Bill Murray, Naomi Watts, David Einhorn: Scene Last NightAmanda Gordon
Bill Murray is an endearing hot mess in his new movie “St. Vincent,” which had a fancy New York screening at the Ziegfeld Theater last night.
As the film opens, Murray as Vincent of Sheepshead Bay, Brooklyn, smokes, drinks and is out of money, leaving him unable to pay a pretty, funny and pregnant pole dancer with a heavy Russian accent, played brilliantly by Naomi Watts.
But he’s about to be rehabilitated, thanks to Oliver, the boy who moves next door (Jaeden Lieberher) with his single mom (Melissa McCarthy). Oliver’s teacher (Chris O’Dowd) and the pole dancer also assist in the road to the sainthood of the title, which has Murray donning a smoke-ring halo in the movie poster.
The moral of the story: it’s not a bad idea to talk to your neighbors -- or, for that matter, to teach a scrawny kid how to break a bully’s nose.
The first film from director and screenwriter Theodore Melfi is sappy yet gritty, showing the financial and emotional stresses of an aging Vietnam vet.
“The people sounded like real people,” Murray said of his first reading of the script.
One of the only bright spots of Vincent’s situation is that as a veteran, he has health insurance, though it can’t pay for his wife’s extended stay in an assisted-living facility.
“In my mind, what we do to veterans is completely unacceptable,” Melfi said in a red-carpet interview. “They go and they serve, and they come back and we don’t support them. This movie is about a guy who’s actually won medals in war, and how his life has just kind of faded away. I wanted to call attention to that. We need to do more and do better. I’m not saying anything that anyone else isn’t saying, that’s the consciousness we need to get with.”
Harvey Weinstein introduced the film.
“My choice for saint is Saint Ted,” Weinstein said referring to Melfi, before taking a seat near Len and Emily Blavatnik.
Murray, for his part, insisted on giving Melfi a hard time.
“I have two bags of popcorn, not because the film is that long, but there was no telling when a first-time director would shut up,” Murray said.
“When I was at Cornell, I volunteered as a Big Brother,” David Einhorn, founder of Greenlight Capital, said by phone yesterday from the university’s Sage Hall. “What we’re looking to do is far more ambitious.”
“This” is a plan to make public engagement a requirement at the Ivy League university in Ithaca, New York, rather than count on students to seek such experiences in extracurriculars or during the summer.
The Einhorn Family Charitable Trust has committed $50 million over 10 years to the project, which developed out of a strategic plan published four years ago.
“A lot of times when somebody tries to bring a change to an institution, particularly a large institution, it’s extremely difficult because you run into different considerations and agendas of people who are already there,” Einhorn said. “This is four years of back and forth. As each iteration has happened, and more people have become involved, there’s been an expansion of the vision.”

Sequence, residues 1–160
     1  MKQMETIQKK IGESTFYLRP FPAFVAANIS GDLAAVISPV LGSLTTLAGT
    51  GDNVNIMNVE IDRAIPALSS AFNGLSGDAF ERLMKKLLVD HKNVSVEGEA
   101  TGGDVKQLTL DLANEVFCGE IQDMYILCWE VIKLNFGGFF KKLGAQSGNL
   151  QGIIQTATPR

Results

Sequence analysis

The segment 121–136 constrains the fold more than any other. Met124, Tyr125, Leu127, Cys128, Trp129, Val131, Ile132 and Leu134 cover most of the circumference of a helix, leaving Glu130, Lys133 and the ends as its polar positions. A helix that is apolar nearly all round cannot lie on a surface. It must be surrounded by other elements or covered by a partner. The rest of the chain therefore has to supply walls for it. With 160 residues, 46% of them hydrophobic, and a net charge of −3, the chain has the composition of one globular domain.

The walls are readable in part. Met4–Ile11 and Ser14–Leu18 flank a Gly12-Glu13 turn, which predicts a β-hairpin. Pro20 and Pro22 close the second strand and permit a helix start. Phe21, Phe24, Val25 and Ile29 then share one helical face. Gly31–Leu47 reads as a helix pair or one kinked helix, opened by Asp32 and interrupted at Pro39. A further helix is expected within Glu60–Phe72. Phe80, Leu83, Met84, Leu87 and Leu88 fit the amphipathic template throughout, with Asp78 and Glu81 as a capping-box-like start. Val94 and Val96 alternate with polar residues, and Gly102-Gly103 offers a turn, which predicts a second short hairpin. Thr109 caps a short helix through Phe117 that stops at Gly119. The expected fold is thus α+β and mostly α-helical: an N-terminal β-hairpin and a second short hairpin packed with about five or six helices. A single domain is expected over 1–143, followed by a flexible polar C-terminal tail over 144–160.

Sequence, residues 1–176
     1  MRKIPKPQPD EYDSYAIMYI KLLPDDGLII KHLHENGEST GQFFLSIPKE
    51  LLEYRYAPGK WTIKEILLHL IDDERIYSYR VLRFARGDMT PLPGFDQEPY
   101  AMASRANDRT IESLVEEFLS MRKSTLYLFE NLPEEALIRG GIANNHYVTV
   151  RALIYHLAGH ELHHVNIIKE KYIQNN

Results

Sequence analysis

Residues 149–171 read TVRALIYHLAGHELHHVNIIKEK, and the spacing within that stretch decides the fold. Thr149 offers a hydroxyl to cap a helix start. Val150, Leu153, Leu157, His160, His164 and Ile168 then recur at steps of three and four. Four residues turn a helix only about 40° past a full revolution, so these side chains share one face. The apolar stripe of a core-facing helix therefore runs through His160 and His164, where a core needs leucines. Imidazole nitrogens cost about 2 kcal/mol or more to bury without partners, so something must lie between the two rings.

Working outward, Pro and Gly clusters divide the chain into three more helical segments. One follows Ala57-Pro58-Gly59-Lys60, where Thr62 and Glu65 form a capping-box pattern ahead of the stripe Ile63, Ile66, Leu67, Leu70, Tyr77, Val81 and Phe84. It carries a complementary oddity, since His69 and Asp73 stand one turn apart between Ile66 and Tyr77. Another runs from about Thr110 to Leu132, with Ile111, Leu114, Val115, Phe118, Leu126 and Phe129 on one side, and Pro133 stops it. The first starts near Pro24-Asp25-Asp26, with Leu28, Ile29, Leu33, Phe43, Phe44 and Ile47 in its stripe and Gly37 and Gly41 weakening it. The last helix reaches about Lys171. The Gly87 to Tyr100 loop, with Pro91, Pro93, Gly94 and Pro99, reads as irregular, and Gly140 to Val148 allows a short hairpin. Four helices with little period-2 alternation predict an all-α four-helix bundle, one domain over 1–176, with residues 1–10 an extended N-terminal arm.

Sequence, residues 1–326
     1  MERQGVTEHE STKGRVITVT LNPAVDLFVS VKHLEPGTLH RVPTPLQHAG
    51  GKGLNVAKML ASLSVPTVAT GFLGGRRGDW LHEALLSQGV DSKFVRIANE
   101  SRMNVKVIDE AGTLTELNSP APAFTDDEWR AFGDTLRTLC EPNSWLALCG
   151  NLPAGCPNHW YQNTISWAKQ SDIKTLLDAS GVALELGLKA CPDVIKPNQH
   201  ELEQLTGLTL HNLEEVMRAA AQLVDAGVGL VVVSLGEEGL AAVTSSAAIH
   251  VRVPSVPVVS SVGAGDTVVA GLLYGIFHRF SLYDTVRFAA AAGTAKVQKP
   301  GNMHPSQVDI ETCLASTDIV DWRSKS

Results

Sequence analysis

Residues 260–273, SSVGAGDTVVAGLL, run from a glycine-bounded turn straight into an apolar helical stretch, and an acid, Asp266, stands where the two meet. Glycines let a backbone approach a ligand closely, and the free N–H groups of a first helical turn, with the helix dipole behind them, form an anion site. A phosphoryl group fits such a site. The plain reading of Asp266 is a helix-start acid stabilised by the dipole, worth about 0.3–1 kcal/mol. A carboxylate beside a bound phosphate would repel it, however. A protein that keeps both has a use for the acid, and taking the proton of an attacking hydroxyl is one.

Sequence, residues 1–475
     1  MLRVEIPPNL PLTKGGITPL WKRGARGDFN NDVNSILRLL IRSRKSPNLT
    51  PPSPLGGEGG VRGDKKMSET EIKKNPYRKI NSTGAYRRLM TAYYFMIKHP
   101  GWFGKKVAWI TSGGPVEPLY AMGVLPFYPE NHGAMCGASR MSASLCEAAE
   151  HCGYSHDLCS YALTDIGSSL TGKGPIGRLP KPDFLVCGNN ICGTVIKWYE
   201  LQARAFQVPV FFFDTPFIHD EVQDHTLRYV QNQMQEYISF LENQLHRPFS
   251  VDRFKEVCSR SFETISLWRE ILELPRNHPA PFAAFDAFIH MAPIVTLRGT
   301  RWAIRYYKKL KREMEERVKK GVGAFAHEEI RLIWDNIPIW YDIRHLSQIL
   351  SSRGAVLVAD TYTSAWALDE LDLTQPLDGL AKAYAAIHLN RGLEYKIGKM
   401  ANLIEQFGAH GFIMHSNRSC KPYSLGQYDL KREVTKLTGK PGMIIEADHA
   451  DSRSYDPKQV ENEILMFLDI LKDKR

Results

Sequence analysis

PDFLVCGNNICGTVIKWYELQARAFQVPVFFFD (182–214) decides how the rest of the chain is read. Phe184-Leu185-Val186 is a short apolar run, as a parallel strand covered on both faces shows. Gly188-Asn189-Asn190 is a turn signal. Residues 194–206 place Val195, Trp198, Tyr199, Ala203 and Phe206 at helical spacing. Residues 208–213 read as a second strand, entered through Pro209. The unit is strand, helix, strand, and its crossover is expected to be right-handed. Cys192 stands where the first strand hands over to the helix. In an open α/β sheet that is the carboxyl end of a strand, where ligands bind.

Initially, the trust, led by Einhorn and his wife, Cheryl Strauss Einhorn, funded a study. Then in 2011, it helped create the Center for Community Engaged Learning + Research, which among other things, maintains a list of courses that “move the educational process beyond the classroom physically and intellectually,” according to its website.
The courses include Research and Strategy in Emerging Markets; Experiential Garden-Based Learning in Belize; and Iran and the World.
At the launch event at Cornell’s art museum, the university’s president, David Skorton, said the Einhorns’ $50 million gift will be used to attract an additional $100 million for “dramatically scaling up” efforts already in place.
Some of the funding will help some 500 professors develop courses so that every undergraduate department will offer a community-engaged learning experience, Skorton said at the launch, a video of which is posted on Cornell’s web site. Other funding will develop assessments to measure learning outcomes such as civic engagement, critical reflection and ethical practice, Skorton said.
Past examples of organized activities include engineering students designing a water-treatment plant in a Honduran village, and sociology students working with nonprofits on the Hopi reservation in Arizona.
Einhorn, also at the kickoff, said Engaged Cornell fits with the mission of his family’s trust to build “a society where the norm is for people to get along.” Focusing on college students makes sense, he added, because it’s a time when young people can think about not just what they want to do, but “who they want to be when they grow up.”
Through working in the community, students build diverse relationships that help them “develop empathy and respect,” Einhorn said.
There are also practical skills to be gained from going off-campus, as Einhorn himself did by spending a semester in Washington, D.C. interning for academic credit at the Securities and Exchange Commission.
“It provided me with a sense of structure,” Einhorn said.
“Just getting up every day and showing up on time for work, way earlier than most of my courses ever started.”